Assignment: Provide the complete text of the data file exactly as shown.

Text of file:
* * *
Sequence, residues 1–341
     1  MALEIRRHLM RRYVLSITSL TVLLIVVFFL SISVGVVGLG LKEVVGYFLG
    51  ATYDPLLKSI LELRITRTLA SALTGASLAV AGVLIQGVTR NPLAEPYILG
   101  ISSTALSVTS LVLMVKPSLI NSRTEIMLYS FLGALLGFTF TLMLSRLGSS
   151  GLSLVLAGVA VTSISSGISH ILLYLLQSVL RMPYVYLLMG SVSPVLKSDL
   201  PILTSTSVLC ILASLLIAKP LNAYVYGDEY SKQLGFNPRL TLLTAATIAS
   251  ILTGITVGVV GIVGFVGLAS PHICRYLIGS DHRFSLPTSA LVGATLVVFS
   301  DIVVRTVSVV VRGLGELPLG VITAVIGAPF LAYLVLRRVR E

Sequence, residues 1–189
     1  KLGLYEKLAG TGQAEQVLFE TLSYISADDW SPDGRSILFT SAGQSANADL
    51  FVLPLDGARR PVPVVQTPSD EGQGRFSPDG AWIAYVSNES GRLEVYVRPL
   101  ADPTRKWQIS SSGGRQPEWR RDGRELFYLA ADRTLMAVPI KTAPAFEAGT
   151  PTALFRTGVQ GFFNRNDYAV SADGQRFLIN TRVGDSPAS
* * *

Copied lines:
Sequence, residues 1–341
     1  MALEIRRHLM RRYVLSITSL TVLLIVVFFL SISVGVVGLG LKEVVGYFLG
    51  ATYDPLLKSI LELRITRTLA SALTGASLAV AGVLIQGVTR NPLAEPYILG
   101  ISSTALSVTS LVLMVKPSLI NSRTEIMLYS FLGALLGFTF TLMLSRLGSS
   151  GLSLVLAGVA VTSISSGISH ILLYLLQSVL RMPYVYLLMG SVSPVLKSDL
   201  PILTSTSVLC ILASLLIAKP LNAYVYGDEY SKQLGFNPRL TLLTAATIAS
   251  ILTGITVGVV GIVGFVGLAS PHICRYLIGS DHRFSLPTSA LVGATLVVFS
   301  DIVVRTVSVV VRGLGELPLG VITAVIGAPF LAYLVLRRVR E

Sequence, residues 1–189
     1  KLGLYEKLAG TGQAEQVLFE TLSYISADDW SPDGRSILFT SAGQSANADL
    51  FVLPLDGARR PVPVVQTPSD EGQGRFSPDG AWIAYVSNES GRLEVYVRPL
   101  ADPTRKWQIS SSGGRQPEWR RDGRELFYLA ADRTLMAVPI KTAPAFEAGT
   151  PTALFRTGVQ GFFNRNDYAV SADGQRFLIN TRVGDSPAS